This Aquino came into power with a big bang, but left it with a whimper. Many voted for him hoping that his clean image then would cleanse the bureaucracy of its corruption curse. They were massively disappointed as among the biggest corruption scandals were those perpetrated during the second Aquino period.

They include the MRT fund mess that resulted in the slowest moving commuter train in Asia today. There was the favoritism in the AFP, discarding the seniority lineal list meritocracy in favor of selecting shooting buddies, their incompetence notwithstanding. Noynoy did very well in improving the Philippines’ economic performance. But he erred in sanctioning a delicate mission through insurgent territory for personal glory, but left behind 44 special elite forces of the Philippine National Police (PNP) to die mercilessly at the hands of enemies in broad daylight. The Mamasapano massacre remains Aquino III’s enduring legacy, which is more of a nightmare. In fairness to Aquino, though, all the AFP and PNP generals who stood by without lifting a finger are as guilty as their frightful leader. They were all guilty of being spineless in doing nothing for beleaguered comrades. I even personally took offense at this cowardice and betrayal as I had been a SAF pioneer when it was still in the AFP.

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We had been warned

But nothing beats this administration of Rodrigo Duterte, aka Digong, that we have today. In fairness to the man, he had warned that giving him the power would lead to untold carnage. We did not listen. And so it happened.

Many saw promise in Digong as they had with other candidates in years past. The massive and unstoppable corruption made the public scream for radical change. For radical leadership. For Rodrigo Duterte. Ramos’ disdain for “dilawans” under Noynoy Aquino made him endorse Digong, who eventually stopped listening to his advice thereafter. Then the extrajudicial killings happened a la Davao, with those killed numbering at least 20,000 by various accounts. Then the pivot to China and away from a longtime ally, the US. Then the intensified counterinsurgency strategy backed by a new anti-terrorism law.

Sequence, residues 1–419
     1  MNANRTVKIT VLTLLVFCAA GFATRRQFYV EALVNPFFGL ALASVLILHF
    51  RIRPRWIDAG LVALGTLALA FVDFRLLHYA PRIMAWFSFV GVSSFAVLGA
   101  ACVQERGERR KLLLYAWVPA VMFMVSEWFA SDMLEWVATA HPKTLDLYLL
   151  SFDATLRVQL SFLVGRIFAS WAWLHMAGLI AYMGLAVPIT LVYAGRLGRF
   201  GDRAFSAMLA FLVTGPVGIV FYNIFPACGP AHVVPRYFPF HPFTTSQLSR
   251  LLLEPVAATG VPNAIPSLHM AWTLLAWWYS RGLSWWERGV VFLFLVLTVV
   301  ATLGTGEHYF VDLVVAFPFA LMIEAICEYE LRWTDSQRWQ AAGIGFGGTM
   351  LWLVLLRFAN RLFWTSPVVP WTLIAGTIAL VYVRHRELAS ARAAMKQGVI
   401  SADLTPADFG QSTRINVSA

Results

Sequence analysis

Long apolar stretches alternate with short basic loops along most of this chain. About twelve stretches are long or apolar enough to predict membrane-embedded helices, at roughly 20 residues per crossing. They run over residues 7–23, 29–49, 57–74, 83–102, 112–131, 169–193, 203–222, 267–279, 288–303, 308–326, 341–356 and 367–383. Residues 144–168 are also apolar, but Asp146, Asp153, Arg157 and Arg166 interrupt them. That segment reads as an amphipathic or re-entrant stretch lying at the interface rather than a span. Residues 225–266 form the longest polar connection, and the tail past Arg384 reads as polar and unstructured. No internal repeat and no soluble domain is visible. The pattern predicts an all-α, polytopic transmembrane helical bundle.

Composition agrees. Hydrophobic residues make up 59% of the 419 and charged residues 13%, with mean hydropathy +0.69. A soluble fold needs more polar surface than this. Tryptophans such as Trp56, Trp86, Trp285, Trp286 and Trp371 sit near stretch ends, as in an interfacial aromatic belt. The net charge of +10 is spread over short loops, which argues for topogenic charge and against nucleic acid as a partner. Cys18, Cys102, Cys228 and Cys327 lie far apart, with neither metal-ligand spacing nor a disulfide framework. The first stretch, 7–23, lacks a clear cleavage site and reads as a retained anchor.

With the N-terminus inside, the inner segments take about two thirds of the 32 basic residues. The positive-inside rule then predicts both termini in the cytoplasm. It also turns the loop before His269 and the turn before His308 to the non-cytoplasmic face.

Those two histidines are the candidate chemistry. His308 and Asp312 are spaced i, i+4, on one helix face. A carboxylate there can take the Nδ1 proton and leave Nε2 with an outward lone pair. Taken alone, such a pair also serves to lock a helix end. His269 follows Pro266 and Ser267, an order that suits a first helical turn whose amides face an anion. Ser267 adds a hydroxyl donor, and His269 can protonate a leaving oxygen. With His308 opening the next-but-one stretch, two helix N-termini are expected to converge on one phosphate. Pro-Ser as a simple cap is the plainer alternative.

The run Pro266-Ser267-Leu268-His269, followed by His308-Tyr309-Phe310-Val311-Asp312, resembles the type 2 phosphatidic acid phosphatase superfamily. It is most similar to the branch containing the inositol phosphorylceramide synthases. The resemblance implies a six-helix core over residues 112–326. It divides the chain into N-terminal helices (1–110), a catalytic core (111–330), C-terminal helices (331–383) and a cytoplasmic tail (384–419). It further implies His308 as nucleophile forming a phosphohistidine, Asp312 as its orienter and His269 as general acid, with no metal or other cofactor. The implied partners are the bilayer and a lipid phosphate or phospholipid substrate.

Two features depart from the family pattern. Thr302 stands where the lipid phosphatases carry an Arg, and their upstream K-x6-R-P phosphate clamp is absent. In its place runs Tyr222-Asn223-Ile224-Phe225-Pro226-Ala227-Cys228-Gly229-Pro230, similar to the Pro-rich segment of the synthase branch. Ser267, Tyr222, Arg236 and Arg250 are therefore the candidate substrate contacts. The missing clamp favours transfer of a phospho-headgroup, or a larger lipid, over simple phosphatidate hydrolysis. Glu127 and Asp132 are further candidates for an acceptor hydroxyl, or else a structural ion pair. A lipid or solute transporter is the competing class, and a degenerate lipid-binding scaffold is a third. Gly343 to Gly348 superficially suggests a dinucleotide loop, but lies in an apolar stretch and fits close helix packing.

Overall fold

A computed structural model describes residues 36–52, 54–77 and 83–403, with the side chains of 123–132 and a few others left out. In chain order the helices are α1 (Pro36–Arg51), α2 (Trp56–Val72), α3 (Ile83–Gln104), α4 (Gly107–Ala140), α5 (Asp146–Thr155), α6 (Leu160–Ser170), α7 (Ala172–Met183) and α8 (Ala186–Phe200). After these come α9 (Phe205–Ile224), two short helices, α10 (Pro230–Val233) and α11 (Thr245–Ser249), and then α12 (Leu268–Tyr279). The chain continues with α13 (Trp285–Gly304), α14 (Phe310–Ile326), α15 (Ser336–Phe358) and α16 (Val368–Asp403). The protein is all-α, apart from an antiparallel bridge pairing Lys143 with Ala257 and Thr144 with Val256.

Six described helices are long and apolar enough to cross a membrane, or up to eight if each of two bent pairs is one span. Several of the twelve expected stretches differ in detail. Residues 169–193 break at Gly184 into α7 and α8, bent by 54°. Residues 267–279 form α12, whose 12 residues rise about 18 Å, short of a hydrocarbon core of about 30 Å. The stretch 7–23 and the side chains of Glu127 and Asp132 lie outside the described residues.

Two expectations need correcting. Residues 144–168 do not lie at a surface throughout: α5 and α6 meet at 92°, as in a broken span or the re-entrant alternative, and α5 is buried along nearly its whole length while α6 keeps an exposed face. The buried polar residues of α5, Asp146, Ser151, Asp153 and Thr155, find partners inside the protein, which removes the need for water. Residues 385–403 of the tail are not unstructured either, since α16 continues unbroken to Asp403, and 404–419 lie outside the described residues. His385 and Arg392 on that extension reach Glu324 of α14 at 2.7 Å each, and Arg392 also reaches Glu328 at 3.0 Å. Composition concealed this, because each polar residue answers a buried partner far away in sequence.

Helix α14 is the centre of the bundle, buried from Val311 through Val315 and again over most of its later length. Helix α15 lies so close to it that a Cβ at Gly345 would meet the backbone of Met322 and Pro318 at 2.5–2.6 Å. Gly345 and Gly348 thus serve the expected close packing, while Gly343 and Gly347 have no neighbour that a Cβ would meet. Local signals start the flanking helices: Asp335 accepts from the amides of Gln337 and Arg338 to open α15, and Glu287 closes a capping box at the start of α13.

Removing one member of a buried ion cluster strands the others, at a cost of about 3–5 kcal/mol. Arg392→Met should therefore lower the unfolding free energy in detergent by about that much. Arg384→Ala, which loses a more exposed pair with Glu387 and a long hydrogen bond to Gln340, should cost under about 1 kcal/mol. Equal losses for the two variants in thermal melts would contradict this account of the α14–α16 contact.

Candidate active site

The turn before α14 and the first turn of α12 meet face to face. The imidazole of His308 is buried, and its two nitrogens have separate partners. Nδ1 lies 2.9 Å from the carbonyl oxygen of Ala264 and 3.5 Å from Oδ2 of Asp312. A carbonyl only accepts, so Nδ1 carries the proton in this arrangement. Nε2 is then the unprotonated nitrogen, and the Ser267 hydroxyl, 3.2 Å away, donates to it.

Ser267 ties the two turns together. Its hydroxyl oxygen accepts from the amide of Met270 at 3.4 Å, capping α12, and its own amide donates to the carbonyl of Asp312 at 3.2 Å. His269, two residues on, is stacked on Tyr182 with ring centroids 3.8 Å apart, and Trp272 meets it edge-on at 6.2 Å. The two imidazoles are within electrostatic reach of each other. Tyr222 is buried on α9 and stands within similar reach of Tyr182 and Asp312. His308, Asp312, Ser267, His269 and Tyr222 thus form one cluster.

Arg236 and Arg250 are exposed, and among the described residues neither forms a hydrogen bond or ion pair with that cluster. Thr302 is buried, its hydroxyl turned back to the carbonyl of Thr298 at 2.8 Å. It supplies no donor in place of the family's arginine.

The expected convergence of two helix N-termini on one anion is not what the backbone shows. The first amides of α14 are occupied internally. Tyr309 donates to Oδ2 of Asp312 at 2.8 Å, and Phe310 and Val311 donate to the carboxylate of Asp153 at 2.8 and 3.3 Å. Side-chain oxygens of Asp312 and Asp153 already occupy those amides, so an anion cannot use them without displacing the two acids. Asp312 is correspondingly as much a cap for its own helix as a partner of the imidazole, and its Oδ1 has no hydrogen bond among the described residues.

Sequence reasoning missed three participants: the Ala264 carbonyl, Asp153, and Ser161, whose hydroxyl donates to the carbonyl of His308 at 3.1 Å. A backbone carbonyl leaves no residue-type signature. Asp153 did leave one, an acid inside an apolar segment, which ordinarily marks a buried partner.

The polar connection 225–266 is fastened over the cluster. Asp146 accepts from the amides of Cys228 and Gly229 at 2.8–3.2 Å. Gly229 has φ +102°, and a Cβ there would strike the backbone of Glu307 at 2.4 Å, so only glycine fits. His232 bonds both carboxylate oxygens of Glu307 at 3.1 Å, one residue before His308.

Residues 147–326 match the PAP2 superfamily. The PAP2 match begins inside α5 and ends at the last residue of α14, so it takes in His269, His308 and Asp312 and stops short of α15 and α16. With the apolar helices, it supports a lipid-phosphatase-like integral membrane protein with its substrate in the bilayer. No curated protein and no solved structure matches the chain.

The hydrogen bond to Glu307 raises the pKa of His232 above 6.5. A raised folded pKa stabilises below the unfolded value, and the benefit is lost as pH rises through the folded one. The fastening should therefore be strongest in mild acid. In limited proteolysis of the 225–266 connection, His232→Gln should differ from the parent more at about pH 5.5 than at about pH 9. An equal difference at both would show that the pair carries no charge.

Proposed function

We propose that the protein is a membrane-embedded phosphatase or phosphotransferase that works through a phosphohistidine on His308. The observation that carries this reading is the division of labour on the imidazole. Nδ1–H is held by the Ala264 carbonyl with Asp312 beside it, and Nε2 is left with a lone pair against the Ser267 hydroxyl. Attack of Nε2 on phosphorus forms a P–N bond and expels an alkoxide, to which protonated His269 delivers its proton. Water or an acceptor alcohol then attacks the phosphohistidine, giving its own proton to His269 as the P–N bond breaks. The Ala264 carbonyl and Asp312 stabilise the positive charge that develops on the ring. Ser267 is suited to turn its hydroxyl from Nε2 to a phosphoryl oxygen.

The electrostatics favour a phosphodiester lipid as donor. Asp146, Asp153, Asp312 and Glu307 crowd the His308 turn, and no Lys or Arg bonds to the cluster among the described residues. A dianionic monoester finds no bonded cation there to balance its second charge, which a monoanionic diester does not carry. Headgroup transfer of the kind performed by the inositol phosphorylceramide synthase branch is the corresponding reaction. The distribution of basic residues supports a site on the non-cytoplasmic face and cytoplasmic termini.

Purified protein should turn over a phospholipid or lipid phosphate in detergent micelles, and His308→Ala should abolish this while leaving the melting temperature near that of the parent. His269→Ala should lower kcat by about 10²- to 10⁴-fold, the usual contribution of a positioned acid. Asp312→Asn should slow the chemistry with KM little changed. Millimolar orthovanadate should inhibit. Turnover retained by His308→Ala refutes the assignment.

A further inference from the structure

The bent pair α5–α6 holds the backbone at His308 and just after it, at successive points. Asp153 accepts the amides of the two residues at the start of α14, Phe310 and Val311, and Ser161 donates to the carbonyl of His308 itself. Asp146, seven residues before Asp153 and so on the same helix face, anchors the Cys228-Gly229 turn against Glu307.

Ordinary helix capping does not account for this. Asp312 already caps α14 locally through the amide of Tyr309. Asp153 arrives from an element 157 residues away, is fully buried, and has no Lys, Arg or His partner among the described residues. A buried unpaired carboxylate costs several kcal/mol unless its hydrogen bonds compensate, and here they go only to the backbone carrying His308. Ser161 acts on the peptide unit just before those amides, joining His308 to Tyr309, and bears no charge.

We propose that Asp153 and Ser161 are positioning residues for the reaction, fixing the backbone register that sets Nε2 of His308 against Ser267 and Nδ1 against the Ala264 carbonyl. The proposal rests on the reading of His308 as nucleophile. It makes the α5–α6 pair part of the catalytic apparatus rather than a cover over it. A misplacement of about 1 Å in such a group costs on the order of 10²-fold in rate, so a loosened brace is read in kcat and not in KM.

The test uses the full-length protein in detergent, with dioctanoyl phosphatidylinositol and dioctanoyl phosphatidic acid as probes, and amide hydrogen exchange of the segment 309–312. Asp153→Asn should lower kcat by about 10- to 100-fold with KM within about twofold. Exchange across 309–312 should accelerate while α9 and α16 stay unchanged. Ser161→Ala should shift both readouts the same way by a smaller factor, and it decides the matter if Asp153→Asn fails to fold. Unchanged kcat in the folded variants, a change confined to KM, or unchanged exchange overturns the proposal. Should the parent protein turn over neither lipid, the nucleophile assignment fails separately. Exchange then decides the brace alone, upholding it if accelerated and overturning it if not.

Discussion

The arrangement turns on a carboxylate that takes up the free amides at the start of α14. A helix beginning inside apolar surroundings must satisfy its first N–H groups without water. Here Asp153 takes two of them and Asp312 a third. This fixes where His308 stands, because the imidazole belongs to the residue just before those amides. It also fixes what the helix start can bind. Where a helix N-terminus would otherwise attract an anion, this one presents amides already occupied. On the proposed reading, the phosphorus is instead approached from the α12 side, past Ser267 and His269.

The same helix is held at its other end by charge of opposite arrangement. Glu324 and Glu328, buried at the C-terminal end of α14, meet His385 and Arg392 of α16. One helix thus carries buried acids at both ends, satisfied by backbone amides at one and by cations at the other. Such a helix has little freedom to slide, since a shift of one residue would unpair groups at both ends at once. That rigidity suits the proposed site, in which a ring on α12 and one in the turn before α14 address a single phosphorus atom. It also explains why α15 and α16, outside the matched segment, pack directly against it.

China used to be in the AFP’s Order of Battle list of enemies. Its communist ideology is far from our predominantly Judeo-Christian faith. Its political structure and operational ways and means are certainly opposed to our more democratic rule of law. Its support of the local communists was what put it in our Order of Battle list in the first place.

I don’t even understand the logic behind again launching another aggressive campaign against the domestic communist insurgents when we are not lifting a finger against the much bigger foreign threat that is communist China. 

A Visiting Forces Agreement with the US, as part of our Mutual Defense Treaty with them, also binds our former colonial master to support us in case of a shooting war. We must always be wary of China because China is the biggest country-multinational corporation in the world, and its below- war-theater level of engagement already means that it is currently at war with anything and everything opposed to its national security and interest.  

Why this fascination with China? Current efforts to change the Constitution will also favor China. There may be some provisions in the 1987 Constitution I disagree with, but I do not think the problem here is the Constitution. The real problem is the people pushing for such change for self-serving motives.

The legacy of the Digong administration is unfinished. But the tell-tale signs are already ominous. The administration is still ongoing and may even be continuing, what with those campaign banners already around us! –

A public servant and patriot, retired Colonel Dencio Acop graduated from West Point in 1983. After serving in the Philippine Constabulary and Philippine Army, he worked in the corporate sector and now writes freelance.